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Why is the Schoppen in Rheinhessen only 0.4 liters?

Again and again we are asked the puzzled question, why is the Schoppen in Rheinhessen only 0.4 liters in size, but in most other regions 0.5 liters. Reason enough for us to get to the bottom of it.

"Schoppen" comes first of "scoop" is and is originally a vessel for liquids, later a hollow or volume measure for drinks. In German-speaking countries, there was a great deal of confusion in the 19th century concerning the contents of the vessel: in Baden, 0.375 l, in Württemberg 0.459 l, and in the Palatinate, 0.35-0.4 l. When the non-metric measures in southern Germany in 1872 were replaced by the metric, was until 1884 the Schoppen as official name for 0.5 l. In the Palatinate and in the Alemannic language area "Schoppen" today usually means half a liter. In Rheinhessen - again quite different - but stubbornly holds the size of 0.4 liters.

To understand that, you have to go deeper into the story. With the French Revolution, the locally different dimensions were rearranged. In 1793, the liter was introduced as a "republican unit of measurement" and integrated into the decimal system: 1 l = 1 dm3 = 10 dl = 100 cl = 1000 ml. The left bank territories, which were French until 1814, including the Palatinate and Rhine Hesse, took over this system, but apparently only gradually and not in all areas. The measure, which included four Schoppen - after the "French" rearrangement included a measure two liters and a pint of 0.5 liters - originally differed from place to place. In Rheinhessen, the Mainz and the Worms masses dominated over the centuries. Both were also adopted in adjacent areas. In both dimensions, there were such large and small Schoppenmaße. Thus, the Mainz Jungmaßschoppen included 0.4236 liters, the Altmaßschoppen 0.4714 liters, in Worms it was 0.4166 liters and 0.5 liters (according to Frank Wagner "The Mainzer Weinmaß", Yearbook for West German history 36, 2010, p. 95-130). It was probably given away after the little Schoppen. It therefore makes sense to attribute the 0.4-liter Schoppen in Rheinhessen on the old "little Schoppen" of the region, the 0.5-liter Schoppen in the Palatinate on the "French" metric.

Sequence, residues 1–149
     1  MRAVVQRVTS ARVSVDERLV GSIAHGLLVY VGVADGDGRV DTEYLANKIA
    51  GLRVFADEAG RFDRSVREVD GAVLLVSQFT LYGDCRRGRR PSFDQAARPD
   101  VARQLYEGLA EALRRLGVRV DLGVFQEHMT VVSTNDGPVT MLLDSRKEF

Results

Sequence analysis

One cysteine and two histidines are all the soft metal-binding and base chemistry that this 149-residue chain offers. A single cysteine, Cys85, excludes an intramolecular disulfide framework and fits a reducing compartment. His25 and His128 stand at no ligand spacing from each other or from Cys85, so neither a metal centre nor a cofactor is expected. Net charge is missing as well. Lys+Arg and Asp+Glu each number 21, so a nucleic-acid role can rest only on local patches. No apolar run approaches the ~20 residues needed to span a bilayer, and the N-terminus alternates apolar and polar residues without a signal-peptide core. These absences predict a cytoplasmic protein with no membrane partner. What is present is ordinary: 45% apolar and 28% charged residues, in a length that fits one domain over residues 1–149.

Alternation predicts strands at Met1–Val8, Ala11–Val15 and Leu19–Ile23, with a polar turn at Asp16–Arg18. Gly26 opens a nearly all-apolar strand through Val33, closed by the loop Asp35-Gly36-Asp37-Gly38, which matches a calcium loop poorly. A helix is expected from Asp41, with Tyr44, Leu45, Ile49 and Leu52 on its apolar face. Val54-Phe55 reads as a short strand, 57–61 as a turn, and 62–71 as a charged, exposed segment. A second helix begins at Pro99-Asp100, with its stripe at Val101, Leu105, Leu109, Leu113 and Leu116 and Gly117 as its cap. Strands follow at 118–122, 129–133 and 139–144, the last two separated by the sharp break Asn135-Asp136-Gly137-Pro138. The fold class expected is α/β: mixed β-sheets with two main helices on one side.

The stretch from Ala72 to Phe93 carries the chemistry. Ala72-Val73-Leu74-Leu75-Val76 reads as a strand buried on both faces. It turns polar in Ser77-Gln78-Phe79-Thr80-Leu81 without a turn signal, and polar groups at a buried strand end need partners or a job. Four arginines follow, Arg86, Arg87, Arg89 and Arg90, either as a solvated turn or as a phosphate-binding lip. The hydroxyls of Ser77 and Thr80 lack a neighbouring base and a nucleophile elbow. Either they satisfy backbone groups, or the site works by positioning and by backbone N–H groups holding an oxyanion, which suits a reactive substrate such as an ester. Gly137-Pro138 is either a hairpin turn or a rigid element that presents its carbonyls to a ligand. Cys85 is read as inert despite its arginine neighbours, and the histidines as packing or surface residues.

For a long time there was then in the inns the wine only in Schoppengläsern, until then increasingly also the "half" was offered. Half a pint includes 0.2 liters in Rheinhessen, or 0.25 liters in the Palatinate. The already quoted above Frank Wagner suspects a pragmatic rather than a historical explanation and says that the half-poppers to 0.2 or 0.25 liters had emerged only in the 1970s, in order to achieve more profit in the catering trade with the smaller measure. And then there came sometime the "Piffche", which represents half the "half" with 0.1 liter content. Today, in the spirit of " Wine in Moderation ", it is certainly a welcome development to enjoy one or two glasses of wine without any worries ...

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